Books/publications/articles quoted in. Obviously, list any books that you’ve written and reference where they can be found online so meeting/event planners can look at the reviews. Provide links to articles that you wrote for publications; if you don’t have any of those, link to articles that you submitted to online article depositories. If you’ve been quoted as an expert in someone else’s article, include a link to that as well.
Expected client outcomes. Tailor this information to the audience you are sending your media kit to and if it’s in response to an RFP, be very clear about the expected client outcomes from attending your session.
Demo video. The number one marketing tool for professional speakers is a professionally produced demo video. This is not a do-it-yourself project because it can either make you look really professional or make you look like an amateur.
However, if you use speaking as a means to grow your business and are not specifically a professional speaker whose living comes from fees from speaking, then you can use the following tips to create your demo video:
- Make this video 5 – 7 minutes in length
- Choose several clips from different presentations that show you delivering key content; know your ideal client and the stories that you tell that make an impact on them and be sure those are part of your demo video
- Be sure the setting in the example clips shows you in the environment that is similar to where you want to speak. For example, on a stage if you want to keynote, in front of a group of people sitting around tables or in rows if you want to be a meeting or breakout speaker, or in front of an intimate group if you want to do executive retreats.
- Gather videos (we call it b-roll, which means background roll) of the audience reacting to what you are saying – laughing, writing notes, contemplating, etc. If you don’t have videos, use photos.
- Write your script with a beginning that peaks the interest of the event/planner. Answer the question “Why You?” How will you benefit the meeting/event planner’s audience.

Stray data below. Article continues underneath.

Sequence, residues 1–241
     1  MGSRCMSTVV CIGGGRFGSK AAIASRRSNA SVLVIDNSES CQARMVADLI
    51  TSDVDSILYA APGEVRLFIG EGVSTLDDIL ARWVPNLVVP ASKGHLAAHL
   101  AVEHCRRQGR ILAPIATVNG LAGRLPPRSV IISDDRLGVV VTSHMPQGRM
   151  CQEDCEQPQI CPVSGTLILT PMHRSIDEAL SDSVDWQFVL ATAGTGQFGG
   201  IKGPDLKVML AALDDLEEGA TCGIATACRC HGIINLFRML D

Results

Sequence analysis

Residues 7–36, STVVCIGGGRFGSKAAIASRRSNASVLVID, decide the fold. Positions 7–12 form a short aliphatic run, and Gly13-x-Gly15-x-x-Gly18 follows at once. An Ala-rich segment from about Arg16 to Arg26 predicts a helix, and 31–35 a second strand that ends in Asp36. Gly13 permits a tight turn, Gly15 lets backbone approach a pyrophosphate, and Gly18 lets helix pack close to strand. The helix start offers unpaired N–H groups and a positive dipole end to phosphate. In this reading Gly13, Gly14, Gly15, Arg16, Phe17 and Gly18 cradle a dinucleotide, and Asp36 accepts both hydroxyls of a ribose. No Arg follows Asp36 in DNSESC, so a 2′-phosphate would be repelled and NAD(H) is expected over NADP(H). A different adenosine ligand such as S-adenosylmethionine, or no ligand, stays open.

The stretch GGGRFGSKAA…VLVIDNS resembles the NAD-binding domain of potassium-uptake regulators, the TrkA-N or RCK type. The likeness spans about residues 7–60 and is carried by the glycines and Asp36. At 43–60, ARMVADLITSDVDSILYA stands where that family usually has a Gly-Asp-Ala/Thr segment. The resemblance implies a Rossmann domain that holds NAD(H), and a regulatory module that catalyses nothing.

- Use a voice over artist to narrate your video, interspersed with images, of you and audience, and the example video clips of you as the narrator makes the points you want the audience to know about you as a presenter.
- Add music and your branding message, either through the clips you select, the graphics you use or what the narrator says
- Clearly communicate your expertise in your demo video. More and more meeting/event planners are looking at other content video that you have created to get a more complete picture of your expertise, so be sure to include links to your video series on YouTube or Vimeo, your website, or a platform like our BizTV Shows networks. Sometimes these videos have more credibility, especially if you have 50 or more, than a slickly produced demo video.
- Have a clear call to action at the end. This might be the one time when you are looking directly at the camera and speaking to the viewer. Your call to action could be to download your media kit, contact you directly or visit your website.
Use the aspects of this list to create your authentic media kit. Have fun doing it!
Download this blog post as a document: The Top 10 Items to Include in Your Media Kit
If you need help creating your own video series or your speaker demo video, please reach out to me via email:
Send EMail to Pat Altvater.